Animal-source foods (ASF) are an important part of Cambodia’s cuisine, especially pork, fish, and poultry. Most livestock products are produced by smallholders, many of them women, and sold in traditional, so-called ‘wet’ markets where women also predominate as retailers. Unfortunately, food safety concerns have been rising in Cambodia in recent years, as public perception of food safety has decreased.
To address these concerns, in 2017 the Safe Food, Fair Food (SFFF) for Cambodia project was initiated with the aim of assessing the multiple burden of food-borne diseases associated with key ASF value chains, and to adapt and evaluate a market-based approach to improving food safety.
After three years, the project has generated important information and is now launching a package of evidence-based interventions at traditional wet markets in six provinces of Cambodia.
The research showed that microbial risks through improper hygiene and cross contamination are likely to cause most food safety concerns and health impacts. A market assessment by SFFF for Cambodia conducted from October 2018 to August 2019 in 25 provinces of Cambodia showed a high level of biological contamination on pork with Salmonella (43%) and Staphylococcus aureus (31%). These levels are similar to those found in other low- and middle-income countries, but alarmingly high.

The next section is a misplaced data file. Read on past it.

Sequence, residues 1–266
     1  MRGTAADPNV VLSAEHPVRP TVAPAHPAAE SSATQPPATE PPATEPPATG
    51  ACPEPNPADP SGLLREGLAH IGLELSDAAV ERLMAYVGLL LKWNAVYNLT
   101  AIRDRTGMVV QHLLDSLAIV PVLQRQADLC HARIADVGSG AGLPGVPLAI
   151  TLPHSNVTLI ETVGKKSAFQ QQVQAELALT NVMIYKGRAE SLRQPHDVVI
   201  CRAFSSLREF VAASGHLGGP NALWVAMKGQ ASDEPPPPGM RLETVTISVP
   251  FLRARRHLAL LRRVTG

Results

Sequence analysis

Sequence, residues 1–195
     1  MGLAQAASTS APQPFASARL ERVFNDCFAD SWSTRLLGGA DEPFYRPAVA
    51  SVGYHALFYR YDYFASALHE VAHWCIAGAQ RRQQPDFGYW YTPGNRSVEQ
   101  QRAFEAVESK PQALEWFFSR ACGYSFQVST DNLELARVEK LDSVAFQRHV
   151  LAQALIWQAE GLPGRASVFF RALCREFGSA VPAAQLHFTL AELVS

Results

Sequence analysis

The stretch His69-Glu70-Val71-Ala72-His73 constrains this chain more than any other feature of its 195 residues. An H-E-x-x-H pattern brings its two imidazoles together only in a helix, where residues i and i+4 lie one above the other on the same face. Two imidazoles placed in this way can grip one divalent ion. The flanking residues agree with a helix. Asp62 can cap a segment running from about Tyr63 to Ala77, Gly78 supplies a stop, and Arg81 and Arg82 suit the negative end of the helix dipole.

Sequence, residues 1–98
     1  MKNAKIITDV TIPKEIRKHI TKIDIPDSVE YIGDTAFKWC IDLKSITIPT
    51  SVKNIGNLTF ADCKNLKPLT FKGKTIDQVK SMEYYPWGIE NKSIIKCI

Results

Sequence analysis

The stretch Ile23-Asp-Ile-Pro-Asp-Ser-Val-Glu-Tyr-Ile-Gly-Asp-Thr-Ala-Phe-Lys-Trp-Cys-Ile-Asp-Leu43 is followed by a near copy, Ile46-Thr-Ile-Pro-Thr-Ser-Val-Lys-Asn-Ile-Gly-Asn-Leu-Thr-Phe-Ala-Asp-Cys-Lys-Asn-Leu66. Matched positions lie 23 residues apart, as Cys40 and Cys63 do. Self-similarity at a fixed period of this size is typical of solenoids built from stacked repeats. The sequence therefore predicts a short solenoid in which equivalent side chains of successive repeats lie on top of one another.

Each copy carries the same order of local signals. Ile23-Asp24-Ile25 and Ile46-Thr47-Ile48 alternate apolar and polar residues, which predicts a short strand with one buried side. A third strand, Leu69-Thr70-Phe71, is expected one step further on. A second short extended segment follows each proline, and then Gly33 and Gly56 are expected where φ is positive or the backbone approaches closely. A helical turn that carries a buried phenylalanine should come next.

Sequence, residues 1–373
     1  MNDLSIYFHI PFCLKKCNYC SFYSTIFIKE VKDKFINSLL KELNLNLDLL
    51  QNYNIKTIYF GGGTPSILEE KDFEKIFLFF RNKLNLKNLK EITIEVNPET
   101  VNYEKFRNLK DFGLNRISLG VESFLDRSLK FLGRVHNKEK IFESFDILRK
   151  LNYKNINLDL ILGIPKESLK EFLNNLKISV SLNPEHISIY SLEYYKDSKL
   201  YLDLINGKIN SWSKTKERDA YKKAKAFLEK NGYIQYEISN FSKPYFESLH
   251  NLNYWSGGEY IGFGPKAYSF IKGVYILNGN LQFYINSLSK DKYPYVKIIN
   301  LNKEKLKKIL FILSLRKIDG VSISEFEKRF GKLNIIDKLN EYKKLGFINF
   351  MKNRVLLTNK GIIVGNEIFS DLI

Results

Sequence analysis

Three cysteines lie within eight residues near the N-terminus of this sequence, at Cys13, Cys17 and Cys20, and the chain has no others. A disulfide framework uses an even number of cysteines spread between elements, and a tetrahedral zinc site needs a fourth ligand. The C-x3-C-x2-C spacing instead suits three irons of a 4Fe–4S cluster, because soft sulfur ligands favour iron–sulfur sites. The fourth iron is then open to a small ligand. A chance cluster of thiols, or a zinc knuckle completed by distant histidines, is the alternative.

With evidence in hand, the SFFF project team is developing interventions to improve sanitation and hygiene conditions at traditional retail markets. Researchers have introduced more hygienic practices such as separation of ready-to-eat and raw pork or intestines and frequent handwashing and wipe downs of meat-selling surfaces. Interventions at retail were supported by promotion of good-hygiene-pork branding to retailers and formative research.
In February 2020, a training of trainer was organized for about 20 local vet and market managers from six provinces introducing good hygiene practices to improve the safety of pork. These trainees will organize roll out training to guide pork traders using the project’s training manual.
In addition to interventions at the grassroots level, the project team made efforts in policy advocacy through the establishment of a taskforce on food safety risk assessment. In late 2019, a technical working group of Cambodia food safety experts joined forces with a task force on food safety risk assessment to form the ‘national task force’. The focus of the platform is to strengthen food safety policy advocacy and collaboration between government and food safety researchers working in the country.
SFFF for Cambodia is funded under the United States Agency for International Development-funded Feed the Future Innovation Lab for Livestock Systems (LSIL) and is led by the International Livestock Research Institute (ILRI) in partnership with the National Animal Health and Production Research Institute (NAHPRI), the Livestock Development for Community Livelihood (LDC) and Emory University.